The late 1960s ‘Marshmallow study’ is perhaps one of the most famous social-science experiments of recent times.
As part of the test, a number of children (who were just about to enter school) had a marshmallow placed in front of them and given two choices:
- Get one marshmallow immediately.
- Get two marshmallows if they wait for a short period – typically around 15 minutes.
Through follow-up studies in the 1990s, the researchers found that children who waited for the two marshmallows have a significantly higher success rate in life. They had better academic results, were in better physical condition, had a higher income, lower divorce rates, and overall better lives.
However, a new study published at the end of May, now places the entire theory in question.
Published by New York University’s Tyler Watts and the University of California’s Irvine’s Greg Duncan and Hoanan Quan, it focused on the fact that the original marshmallow test completed in the 1960s included fewer than 90 children—all enrolled in a preschool at the prestigious Stanford campus.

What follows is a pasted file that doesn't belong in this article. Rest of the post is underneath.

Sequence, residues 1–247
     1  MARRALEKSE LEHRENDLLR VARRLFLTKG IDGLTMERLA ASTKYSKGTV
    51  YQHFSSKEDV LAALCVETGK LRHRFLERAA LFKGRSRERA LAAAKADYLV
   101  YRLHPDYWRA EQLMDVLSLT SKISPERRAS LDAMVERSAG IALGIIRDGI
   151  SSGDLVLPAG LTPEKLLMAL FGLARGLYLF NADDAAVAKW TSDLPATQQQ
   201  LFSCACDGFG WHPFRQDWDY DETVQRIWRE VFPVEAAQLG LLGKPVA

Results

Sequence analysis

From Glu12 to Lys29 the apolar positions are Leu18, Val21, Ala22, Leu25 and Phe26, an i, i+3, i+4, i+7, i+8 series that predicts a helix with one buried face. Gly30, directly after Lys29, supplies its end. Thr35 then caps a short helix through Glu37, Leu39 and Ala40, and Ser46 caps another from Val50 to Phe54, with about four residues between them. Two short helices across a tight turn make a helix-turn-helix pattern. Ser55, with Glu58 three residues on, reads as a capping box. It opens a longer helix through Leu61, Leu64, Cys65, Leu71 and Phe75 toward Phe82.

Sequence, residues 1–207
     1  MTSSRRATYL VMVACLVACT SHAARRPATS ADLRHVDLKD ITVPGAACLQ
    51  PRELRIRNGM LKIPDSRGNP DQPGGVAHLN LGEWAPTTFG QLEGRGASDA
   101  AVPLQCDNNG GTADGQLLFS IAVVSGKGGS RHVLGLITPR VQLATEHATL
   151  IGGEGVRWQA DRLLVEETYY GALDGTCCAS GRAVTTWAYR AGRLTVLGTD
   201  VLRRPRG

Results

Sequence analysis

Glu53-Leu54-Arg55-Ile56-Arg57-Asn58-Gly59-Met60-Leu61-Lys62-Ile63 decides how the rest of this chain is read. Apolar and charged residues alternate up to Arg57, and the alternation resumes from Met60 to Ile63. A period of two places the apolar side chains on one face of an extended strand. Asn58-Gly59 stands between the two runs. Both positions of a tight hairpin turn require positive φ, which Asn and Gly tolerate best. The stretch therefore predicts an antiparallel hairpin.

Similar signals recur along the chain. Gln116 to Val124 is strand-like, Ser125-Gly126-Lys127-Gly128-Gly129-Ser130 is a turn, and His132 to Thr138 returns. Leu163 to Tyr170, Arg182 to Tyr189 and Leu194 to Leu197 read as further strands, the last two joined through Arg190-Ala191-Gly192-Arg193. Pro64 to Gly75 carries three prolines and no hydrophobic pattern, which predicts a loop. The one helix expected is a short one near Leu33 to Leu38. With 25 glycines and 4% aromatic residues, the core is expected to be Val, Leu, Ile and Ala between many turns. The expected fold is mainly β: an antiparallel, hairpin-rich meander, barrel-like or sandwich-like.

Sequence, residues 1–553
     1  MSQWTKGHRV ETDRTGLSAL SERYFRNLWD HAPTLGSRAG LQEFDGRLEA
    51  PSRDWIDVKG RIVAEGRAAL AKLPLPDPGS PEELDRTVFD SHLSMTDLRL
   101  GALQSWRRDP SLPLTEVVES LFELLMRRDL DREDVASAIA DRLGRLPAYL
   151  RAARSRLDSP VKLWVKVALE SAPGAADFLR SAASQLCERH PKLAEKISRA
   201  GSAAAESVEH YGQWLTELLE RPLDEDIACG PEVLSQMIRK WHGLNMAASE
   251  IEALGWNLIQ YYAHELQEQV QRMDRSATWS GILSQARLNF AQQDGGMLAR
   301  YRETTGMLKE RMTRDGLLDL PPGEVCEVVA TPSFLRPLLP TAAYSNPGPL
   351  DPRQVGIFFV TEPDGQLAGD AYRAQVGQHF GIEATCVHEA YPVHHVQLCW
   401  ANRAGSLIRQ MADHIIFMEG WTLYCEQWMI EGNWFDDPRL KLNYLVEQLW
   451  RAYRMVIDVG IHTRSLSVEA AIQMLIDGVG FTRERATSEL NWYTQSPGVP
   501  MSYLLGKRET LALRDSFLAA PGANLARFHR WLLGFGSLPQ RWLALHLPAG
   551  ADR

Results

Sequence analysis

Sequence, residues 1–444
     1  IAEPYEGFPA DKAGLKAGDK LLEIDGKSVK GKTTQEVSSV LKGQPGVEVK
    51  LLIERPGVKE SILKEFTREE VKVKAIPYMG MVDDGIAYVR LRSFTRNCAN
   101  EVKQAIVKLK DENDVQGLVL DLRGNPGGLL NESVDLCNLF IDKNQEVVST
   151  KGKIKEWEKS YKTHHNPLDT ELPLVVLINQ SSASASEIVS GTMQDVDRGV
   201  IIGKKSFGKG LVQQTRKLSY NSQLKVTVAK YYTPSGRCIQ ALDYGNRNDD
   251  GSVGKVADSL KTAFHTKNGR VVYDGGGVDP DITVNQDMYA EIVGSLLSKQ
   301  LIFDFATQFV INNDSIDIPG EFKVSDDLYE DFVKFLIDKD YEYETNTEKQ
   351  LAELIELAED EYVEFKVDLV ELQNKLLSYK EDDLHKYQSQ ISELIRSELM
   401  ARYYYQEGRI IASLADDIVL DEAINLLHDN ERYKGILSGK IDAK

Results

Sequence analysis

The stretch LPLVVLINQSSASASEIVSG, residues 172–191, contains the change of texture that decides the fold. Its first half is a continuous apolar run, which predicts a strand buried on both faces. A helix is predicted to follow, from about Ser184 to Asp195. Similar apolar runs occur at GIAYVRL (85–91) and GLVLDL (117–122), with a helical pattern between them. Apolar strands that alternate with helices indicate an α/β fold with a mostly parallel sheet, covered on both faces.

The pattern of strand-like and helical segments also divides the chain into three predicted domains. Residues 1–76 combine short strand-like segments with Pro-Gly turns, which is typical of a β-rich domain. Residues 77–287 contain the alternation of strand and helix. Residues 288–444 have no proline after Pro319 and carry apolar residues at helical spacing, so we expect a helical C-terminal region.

Instead the researchers ‘tweaked’ the experiment to focus on more than 900 children that were also more representative of current society, including race, education, and income levels – including a number of mothers who did not have a university education.
They also allowed the children to choose their own treats (allowing for chocolates instead of marshmallows for example) to ensure that the tests were not influenced by the children’s personal traits.
With these new considerations taken into account the study found that, while there were still some benefits for the children who were able to hold out for the second marshmallow, they were nowhere near as pronounced as those found in the original study, and had largely disappeared by age 15.
“Concentrating on children whose mothers had not completed college, we found that an additional minute waited at age 4 predicted a gain of approximately one tenth of a standard deviation in achievement at age 15,” Watts said.
“But this bivariate correlation was only half the size of those reported in the original studies and was reduced by two thirds in the presence of controls for family background, early cognitive ability, and the home environment. Most of the variation in adolescent achievement came from being able to wait at least 20 seconds.”
“Associations between delay time and measures of behavioral outcomes at age 15 were much smaller and rarely statistically significant.”